The Stuff of Family Life: How Our Homes Reflect Our Lives, by Michelle Janning. I wrote on the back cover: “Stuff and space, and how we interact with and relate to them, are at the intersection of house and home—and at the heart of this wonderful book. They shape our most intimate interactions, and therefore our relationships, our families, and the larger social world that they reflect and create. Michelle Janning leads us on an enthralling sociological journey through the objects and spaces of home—from LEGO and love letters to tables and toilets—to illuminate the social life of families.”

myth of millionaire

The Myth of Millionaire Tax Flight: How Place Still Matters for the Rich, by Cristobal Young. The headline on Young’s essay in Commonwealth was, “Taxes Don’t Make Millionaires Move,” which is the bottom line, but how he got there, with great data and analysis, is as important as that take-home message.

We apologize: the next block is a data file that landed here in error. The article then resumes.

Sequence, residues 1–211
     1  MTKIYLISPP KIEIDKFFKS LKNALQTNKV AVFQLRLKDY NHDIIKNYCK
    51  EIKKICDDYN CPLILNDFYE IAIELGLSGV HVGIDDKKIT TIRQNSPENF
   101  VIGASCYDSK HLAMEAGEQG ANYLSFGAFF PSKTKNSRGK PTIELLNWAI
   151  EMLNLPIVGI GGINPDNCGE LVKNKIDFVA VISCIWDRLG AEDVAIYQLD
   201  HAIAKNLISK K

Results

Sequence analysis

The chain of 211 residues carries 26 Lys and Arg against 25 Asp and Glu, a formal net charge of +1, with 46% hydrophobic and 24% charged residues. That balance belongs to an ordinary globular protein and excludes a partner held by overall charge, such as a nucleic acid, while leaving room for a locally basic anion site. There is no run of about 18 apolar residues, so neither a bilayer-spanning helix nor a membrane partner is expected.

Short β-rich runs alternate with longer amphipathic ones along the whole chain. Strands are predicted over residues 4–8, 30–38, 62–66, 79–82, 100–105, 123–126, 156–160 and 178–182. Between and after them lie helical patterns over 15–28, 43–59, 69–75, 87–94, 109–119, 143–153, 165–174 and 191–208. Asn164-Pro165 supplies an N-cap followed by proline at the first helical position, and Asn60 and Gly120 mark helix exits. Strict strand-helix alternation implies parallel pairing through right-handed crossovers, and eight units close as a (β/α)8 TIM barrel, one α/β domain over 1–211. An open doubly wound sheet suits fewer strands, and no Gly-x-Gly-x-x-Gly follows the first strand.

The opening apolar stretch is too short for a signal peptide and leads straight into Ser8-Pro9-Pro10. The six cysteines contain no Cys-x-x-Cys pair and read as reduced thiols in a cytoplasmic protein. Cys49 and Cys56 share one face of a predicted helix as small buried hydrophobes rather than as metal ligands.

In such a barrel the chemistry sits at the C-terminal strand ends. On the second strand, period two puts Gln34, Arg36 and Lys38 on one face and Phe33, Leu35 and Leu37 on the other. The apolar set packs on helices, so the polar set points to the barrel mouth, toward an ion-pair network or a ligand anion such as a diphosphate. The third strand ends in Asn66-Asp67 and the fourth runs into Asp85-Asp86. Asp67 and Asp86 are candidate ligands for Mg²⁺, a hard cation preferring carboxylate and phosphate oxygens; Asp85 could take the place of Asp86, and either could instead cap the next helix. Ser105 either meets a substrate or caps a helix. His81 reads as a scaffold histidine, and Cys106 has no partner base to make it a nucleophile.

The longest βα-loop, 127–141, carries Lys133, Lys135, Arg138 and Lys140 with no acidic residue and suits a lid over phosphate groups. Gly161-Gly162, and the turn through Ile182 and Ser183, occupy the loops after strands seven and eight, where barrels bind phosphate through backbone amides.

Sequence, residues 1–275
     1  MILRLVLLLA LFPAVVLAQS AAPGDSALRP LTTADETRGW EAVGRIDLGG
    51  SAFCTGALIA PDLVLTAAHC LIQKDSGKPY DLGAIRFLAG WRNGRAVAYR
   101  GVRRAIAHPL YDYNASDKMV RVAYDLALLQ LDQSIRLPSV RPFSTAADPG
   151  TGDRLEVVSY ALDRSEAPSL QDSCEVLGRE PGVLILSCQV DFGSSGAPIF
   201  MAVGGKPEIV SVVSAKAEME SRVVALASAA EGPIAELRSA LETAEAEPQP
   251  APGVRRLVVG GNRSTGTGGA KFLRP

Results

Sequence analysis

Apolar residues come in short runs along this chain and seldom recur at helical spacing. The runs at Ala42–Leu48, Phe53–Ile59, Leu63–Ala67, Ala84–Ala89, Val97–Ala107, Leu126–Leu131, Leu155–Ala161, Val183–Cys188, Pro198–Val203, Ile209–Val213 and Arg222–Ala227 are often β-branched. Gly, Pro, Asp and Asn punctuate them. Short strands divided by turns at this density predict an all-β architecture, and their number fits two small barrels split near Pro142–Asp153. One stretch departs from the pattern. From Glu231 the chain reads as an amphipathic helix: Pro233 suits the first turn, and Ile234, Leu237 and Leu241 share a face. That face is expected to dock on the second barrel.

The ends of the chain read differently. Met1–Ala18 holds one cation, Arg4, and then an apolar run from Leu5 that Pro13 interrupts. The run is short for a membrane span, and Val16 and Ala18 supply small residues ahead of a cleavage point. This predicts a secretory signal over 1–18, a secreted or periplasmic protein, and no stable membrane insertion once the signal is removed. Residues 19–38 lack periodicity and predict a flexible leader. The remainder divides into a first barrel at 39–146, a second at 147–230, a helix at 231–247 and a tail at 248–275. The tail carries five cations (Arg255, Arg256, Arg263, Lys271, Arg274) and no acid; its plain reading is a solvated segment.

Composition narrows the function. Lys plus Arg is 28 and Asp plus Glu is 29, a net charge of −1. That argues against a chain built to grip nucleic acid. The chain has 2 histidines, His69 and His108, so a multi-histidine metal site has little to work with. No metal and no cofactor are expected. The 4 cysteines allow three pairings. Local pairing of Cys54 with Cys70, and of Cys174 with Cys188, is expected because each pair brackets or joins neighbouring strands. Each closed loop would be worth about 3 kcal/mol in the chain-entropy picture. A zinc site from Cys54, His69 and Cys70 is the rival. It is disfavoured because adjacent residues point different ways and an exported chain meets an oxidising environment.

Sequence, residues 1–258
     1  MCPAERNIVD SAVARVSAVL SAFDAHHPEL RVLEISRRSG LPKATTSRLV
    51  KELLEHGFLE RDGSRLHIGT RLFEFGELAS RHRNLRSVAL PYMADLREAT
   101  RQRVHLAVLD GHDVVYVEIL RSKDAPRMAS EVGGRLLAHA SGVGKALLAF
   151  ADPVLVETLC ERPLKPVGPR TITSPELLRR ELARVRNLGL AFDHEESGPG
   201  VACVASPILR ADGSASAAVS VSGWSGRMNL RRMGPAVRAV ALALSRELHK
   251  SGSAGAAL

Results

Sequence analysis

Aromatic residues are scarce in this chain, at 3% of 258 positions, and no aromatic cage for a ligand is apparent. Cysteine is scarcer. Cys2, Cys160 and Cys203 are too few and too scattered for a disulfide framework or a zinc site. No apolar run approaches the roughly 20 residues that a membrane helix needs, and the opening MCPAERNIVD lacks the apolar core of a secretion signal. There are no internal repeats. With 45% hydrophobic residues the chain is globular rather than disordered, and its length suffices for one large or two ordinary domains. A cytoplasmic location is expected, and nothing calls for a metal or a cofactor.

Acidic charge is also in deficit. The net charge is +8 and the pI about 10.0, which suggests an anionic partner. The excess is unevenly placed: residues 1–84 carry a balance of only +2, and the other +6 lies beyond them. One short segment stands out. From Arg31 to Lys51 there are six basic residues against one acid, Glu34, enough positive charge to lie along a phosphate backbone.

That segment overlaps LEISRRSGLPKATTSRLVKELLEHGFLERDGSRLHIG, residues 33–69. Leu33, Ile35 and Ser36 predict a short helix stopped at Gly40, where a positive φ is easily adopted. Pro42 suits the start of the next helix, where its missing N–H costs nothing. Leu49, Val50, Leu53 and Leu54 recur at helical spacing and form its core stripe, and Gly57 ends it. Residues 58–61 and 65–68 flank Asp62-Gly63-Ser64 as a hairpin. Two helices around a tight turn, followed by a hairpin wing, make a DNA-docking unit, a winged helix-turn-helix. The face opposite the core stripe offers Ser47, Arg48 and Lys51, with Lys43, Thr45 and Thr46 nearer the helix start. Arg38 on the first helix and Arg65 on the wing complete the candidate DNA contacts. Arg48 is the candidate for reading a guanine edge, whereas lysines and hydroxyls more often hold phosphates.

Rights on Trial: How Workplace Discrimination Law Perpetuates Inequality, by Ellen Berry, Robert L. Nelson, and Laura Beth Neilsen. Elizabeth Hirsh blurbed: “As the authors convincingly show, rather than enhancing workers’ rights, employment discrimination litigation often reinforces the very hierarchies it was intended to diminish. This is a fascinating study, well researched, written, and argued.”

citizen outsider

Citizen Outsider: Children of North African Immigrants in France, by Jean Beaman. Terri Givens blurbs: “An important contribution to the study of immigration and race in France, bringing the voices of second-generation North Africans into the debates around what it means to be French and what it means to be Maghrébin/Black at a time when the politics of immigration are creating volatile situations in the banlieus (suburbs) of France and fueling support for Far Right politicians.”